What’s this? Our Brave President is opposed to the latest special appropriation for Our Troops in Iraq? Wasn’t he for the war before he was against it?
The White House and Senate Republican leaders are gearing up to oppose a $106.5 billion spending bill for the war in Iraq and Hurricane Katrina this week because some lawmakers have added unrelated aid for farmers and fisheries, highways and ports.
The unusual battle pits President Bush and Republican leaders concerned about rising federal budget deficits against members of the Senate Appropriations Committee who have attached dozens of items sought by individual lawmakers. Even more new spending will be sought by senators during the weeklong debate. Sen. Patty Murray, D-Wash., wants to add veterans health care; Sen. Judd Gregg, R-N.H., wants to add border security.
“This is more evidence of the dysfunctional nature of the Republican majority in the Senate,” says Pat Toomey, president of the conservative Club for Growth.
The committee that approved the increases is headed by Mississippi Republican Thad Cochran, who has battled to ensure his state gets its fair share of Katrina relief funds. His spokeswoman, Jenny Manley, says the Bush administration “does not have the sole authority to say what needs remain in the Gulf Coast. Members of Congress have more direct accountability to their constituents and know well what needs remain.”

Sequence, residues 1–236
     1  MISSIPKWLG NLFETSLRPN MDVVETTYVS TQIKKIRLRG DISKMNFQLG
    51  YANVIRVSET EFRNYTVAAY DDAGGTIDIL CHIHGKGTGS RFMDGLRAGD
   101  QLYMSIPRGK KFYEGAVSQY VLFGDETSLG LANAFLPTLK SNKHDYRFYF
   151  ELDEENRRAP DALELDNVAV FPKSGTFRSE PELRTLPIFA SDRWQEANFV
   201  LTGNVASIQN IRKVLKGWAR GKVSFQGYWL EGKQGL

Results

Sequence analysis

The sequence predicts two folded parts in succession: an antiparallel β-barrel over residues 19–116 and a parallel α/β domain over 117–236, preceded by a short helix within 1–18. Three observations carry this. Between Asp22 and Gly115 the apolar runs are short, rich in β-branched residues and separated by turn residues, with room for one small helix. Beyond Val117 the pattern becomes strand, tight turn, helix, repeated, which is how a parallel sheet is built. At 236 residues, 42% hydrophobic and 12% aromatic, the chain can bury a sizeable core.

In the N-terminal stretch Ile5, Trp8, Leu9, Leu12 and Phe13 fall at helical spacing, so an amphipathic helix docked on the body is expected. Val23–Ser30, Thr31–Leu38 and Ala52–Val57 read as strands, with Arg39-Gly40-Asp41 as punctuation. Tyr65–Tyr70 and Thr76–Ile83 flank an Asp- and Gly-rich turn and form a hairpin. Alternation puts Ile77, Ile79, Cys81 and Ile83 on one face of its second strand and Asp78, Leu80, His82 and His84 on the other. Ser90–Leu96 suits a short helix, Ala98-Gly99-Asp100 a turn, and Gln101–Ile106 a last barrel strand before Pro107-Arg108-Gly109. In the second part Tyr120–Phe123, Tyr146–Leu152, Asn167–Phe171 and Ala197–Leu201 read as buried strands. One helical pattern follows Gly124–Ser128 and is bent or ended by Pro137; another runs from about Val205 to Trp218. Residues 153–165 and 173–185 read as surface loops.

Senators have added projects large and small because they know money for wars and hurricane relief will run low and have to be replenished — which makes this a must-pass bill.
Senators also were generous to governors from Gulf Coast states that asked for more money. They increased a special Katrina housing fund by $1.2 billion, largely to give Mississippi money to move families out of temporary trailers and into special new houses called “Katrina cottages.”
They sought to reserve $4.2 billion in housing aid for exclusive use by Louisiana by adding another $1 billion for use by Louisiana’s neighbors.
The committee included nearly $900 million, much of it for Texas, as compensation for the costs of educating thousands of Katrina evacuees.
“They’re extorting extra funding under the theory that (Bush) will never veto it,” says Brian Riedl, a budget expert at the conservative Heritage Foundation. Bush has yet to cast his first veto.